How long did the show take to be set up? How long was the process from writing the script to actually getting the show out there on stage?

Brady:
The show was first thought of in 2003 and was launched in 2005. We spent a good two years researching, developing and casting. We wanted to get the formula right so we took our time. The key was authenticity.

It has toured various countries. Which country has been the most fun for you personally?

Brady:
We have just finished a tour in France which was wonderful. The French reacted to the show very generously and were wonderful to us. The reviews in Paris were outstanding. France is now one of our most important markets in Europe.

Furtado: I was completely mesmerised by Rome. So much history and beauty all around you.

Do you think this kind of show is appealing more to Western audiences due to the popularity of films such as Slumdog Millionaire?

Brady:
I think Slumdog certainly helped bring Western audiences into the world of Bollywood and I think that is a good thing. I expect many more successful film collaborations in the coming years.

Furtado: This show has a great spirit and a universal appeal. People from all cultures, generations and age groups can come and enjoy this show. Yes this show has been designed for foreign audiences. It is a great insight on India, our culture, our traditions, the kind of people we are. It is a great glimpse of India, all through the Bollywood lens. Slumdog has definitely aroused curiosity among people about Bollywood all over the world and made a global impact on the world's perception of India.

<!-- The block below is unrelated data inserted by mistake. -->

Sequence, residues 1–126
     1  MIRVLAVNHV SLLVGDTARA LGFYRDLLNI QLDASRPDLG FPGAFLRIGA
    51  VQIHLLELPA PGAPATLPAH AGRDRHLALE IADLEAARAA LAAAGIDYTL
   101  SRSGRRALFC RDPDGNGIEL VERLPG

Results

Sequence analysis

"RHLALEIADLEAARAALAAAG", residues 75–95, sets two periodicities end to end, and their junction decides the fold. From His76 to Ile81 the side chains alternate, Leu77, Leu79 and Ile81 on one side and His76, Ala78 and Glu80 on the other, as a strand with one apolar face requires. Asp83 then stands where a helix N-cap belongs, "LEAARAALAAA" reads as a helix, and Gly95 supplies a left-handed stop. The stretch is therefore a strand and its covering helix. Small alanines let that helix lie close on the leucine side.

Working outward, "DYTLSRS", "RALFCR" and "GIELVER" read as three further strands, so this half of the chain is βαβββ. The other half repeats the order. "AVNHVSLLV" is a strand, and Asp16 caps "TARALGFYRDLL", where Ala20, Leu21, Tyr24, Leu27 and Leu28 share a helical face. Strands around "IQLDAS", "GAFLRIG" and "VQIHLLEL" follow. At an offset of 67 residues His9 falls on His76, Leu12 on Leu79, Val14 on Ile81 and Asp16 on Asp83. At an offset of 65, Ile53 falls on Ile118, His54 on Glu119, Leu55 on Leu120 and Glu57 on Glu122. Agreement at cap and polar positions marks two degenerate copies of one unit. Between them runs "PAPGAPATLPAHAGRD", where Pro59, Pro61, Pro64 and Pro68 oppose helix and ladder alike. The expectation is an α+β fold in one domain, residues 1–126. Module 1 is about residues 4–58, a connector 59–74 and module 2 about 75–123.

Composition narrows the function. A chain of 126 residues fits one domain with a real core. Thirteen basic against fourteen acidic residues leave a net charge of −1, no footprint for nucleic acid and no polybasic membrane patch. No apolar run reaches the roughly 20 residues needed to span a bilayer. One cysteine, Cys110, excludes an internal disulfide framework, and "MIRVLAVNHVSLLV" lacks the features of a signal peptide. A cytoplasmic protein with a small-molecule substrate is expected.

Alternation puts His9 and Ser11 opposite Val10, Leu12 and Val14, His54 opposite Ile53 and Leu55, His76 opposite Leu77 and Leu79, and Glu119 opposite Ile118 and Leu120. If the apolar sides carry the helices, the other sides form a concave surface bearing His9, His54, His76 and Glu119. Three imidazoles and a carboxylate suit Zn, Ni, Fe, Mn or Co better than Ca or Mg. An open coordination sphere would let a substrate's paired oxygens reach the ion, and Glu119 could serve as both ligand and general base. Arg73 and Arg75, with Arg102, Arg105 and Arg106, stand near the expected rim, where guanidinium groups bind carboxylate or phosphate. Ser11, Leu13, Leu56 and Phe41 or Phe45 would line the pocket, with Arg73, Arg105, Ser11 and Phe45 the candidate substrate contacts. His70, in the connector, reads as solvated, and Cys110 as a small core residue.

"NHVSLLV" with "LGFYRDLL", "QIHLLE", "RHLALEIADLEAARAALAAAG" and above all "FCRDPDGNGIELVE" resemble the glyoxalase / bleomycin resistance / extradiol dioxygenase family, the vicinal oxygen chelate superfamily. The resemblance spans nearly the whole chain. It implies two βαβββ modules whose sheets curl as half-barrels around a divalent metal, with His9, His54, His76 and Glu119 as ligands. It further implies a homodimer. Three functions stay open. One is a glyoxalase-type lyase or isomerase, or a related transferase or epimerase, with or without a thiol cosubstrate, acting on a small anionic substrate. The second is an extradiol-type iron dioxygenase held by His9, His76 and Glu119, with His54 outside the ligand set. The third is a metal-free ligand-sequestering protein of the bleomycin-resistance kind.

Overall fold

What about the global economic crisis last year? Did that have an impact on audience turnout?

Brady:
Not at all. In fact, in France we had record turnouts. I think in hard times people want to get out and dream.. they want to forget about their worries and their pain. There is no place better than the theatre to heal and be at peace with ones thoughts.

Furtado: Whenever there is a financial crisis the first to get hit is the entertainment field. Although we did see a decline at the box-office sales, we were still blessed with an average of 75 per cent audience turnout. All I can say is that we have been blessed.

Acting legend Amitabh Bachchan recently said in an interview that he does not like to call it Bollywood, and prefers the term Indian film industry. What is your take on Bollywood?

Brady:
I guess the Westerners coined this phrase and since our show is an Indian export, one needs to think commercially. Bollywood is a logo and brand that is now known all over the world. This is a good thing for the Indian film industry, but we do respect always the wise words of Mr Bachchan.

Furtado: I think the most obvious comparison is what irks Mr Bachchan. For me our film industry has worked very hard and made a mark in the world with its unique style and formula. It surely deserves recognition.


The Merchants of Bollywood is staged at The Palladium, Dubai Media City from January 21 to 23, with matinee and evening performances on various days. Tickets begin from Dh150 and can be purchased from the box-office at the Palladium, at boxofficeme.com or at select Spinney's video outlets.